Friday, March 31, 2006

Packing List.

Because everybody has one. Mine, however, comes with running commentary, so hopefully that will make it a little bit more interesting.

  • Specialized no frills 21-speed men's mountain bike. A generic, simple, basic quick release tires bike with no shock absorbers or any of that fancy shmanzy stuff. It is a $200 dollar bike, bought 6 years ago. You've seen those pictures of Mt. Everest expedition teams on TV, right? How the westerners are all clad in fancy The Northface brand equipment, really expensive stuff, and the Sherpas are all attired mostly in wool and yak hide? Now, you tell me: who climbs Everest most often? There you go. Same thing here with the bike. If it is good enough for 1004 kms in Italy, it is good enough for this trip too. The mountain-width tires have been replaced with a 1.50 in, I think, that is, hybrid/touring width, so as to reduce as much weight and drag as possible.

  • Left and right Arkel T-42 rear panniers. Fits all clothes and tools comfortably. Use same ones from Italy bike trip, too. They're still in excellent condition.

  • Bike rear rack. For attaching panniers and carrying backpack.

  • Backpack. For carying electronics, docs, toiletries, immediate use tools and other easy access stuff. Useful mostly while on airports. Too big to carry around cities, though. While sight-seeing, best to travel as light as possible.

  • Bike U-lock and bike lock chain. Ties quick release tires and detachable bike seat.

  • Tire pump. Generic hand pump attaches to bike crossbar, of course.

  • Puncture tube repair kit. Patches and sticky gum.

  • Two inner tube spares. 26 inch. Fits 1.50-1.95 width tires.

  • Two sets of brake pads. 'Cause the current front ones are on its last legs.

  • Set of front (white) and back (red) LED bike lights. Front light doubles as headlight/flashlight, practical gift from a dear friend.

  • Sigma BC 506 bike computer and spare. Just a fancy name for odometer/spedometer module and sensor. The spare is because these things get easily lost and stolen, and besides it is kinda cool knowing you're at the moment hitting 44 km/hr on the downhills, and knowing exact trip distance is essential for claiming honorable bragging rights!

  • Pedal wrench. Doubles as deterrent in case a boy gets fresh (just kiddin' ;)).

  • Euro-Atlas: Spain and Portugal. Scale 1:300,000. Nice road atlas from favorite map company. My only complaint is that elevation is not always very clearly indicated. Will need to guess steepness by the pretty colors and how curvy the road appears on map. Anyway, atlases for subsequent countries either buy en-route (esp. for France, Germany) or have friend in U.S. send previously internet-bought ones to Poste Restante as I go (i.e. Bulgaria map. The one I've got, by the way, is published in Hungary so it is all in either Cyrillic or Hungarian which might as well be the same thing for me, ha ha).

  • Big map of Europe. So as to not lose track of the big picture. ;)

  • Tools
  • Set of allen keys/wrenches in inches and metric. Because I was a bit too lazy to figure out whether my bike was metric or not. I think it is in inches, since made in the U.S. Still, you never know, so good to cary metric set.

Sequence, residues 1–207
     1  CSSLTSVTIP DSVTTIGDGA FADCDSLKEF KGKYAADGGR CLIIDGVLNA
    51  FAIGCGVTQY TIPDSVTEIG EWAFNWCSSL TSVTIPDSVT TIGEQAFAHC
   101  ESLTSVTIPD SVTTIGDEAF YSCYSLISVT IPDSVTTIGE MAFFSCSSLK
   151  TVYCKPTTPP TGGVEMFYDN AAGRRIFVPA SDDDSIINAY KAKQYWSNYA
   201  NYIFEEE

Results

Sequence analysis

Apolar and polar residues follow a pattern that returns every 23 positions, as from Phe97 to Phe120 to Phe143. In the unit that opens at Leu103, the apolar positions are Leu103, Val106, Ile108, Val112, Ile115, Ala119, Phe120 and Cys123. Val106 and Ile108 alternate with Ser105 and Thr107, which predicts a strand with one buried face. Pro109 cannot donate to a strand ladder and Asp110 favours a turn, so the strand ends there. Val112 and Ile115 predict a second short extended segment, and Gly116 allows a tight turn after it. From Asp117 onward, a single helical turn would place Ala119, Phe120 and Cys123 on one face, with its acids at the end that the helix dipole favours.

• Phillips and flat-head screwdrivers, compact size. Leverage extended by threading allen wrench through slot on handle. Cool huh? :)

  • Adjustable wrench.

  • Pliers.

  • Eyeglass repair kit. These are always useful, and since unobtrusive practically free to carry. You never know when they can come in handy, even if they are too small for bike repairs.

  • Set of 3 tire levers. For inner tube replacement.

  • The Alien: multipurpose bike tool gift of a good friend. Has all sorts of nifty stuff including chain tool and truing tool and all sorts of tools whose use and name I don't even know.

  • Basic Swiss Army Knife. Gift from a visit to ABB in Switzerland long, long ago. Knives are always useful. Make sure to put in checked baggage, though.

  • Rob Van Der Paals' Bycicle Repair Step by Step. Because of bike repair, I don't know diddlysquat. But....I can read. Therefore, I know everything.

  • Clothes
  • 3 prs shorts: 1 pr padded biking shorts, 1 pr Billabong beach shorts, 1 pr short sports shorts (because the first two are long to the knee, and if you're going to spend so much time and sweat and effort in the summer heat on beach roads and mountains and stuff, you might as well get a decent tan while you're at it--bikeshort tanlines look funny, you know).

  • 2 prs pants. 1 jeans, 1 black street pants (casual, but nice cut).

  • 6 T-shirts/polo shirts, assorted and various colors. For easy mix and match.

  • Evening skirt, blouse, and strappy heels. No, my friends, this isn't woman's vanity, it is the paragon of practicality. Because you can't show up to the Berlin Philharmonic on your bike shorts and sneakers.

  • Day skirt and blouse. Because pretending to be a damsel in distress in order to pick up handsome blond and blue-eyed gentlemen is so much simpler in a flirty summer skirt. ;P

  • 7 prs underwear/3 prs top underwear.

  • 7 prs socks

  • Pajamas. Blech, pajamas are for weenies. Real women run around the youth hostel hallways in their underwear. Ha ha. Nah, just kidding. But see sport shorts above. They double up as pajamas with a T-shirt. Saves up a bit of space.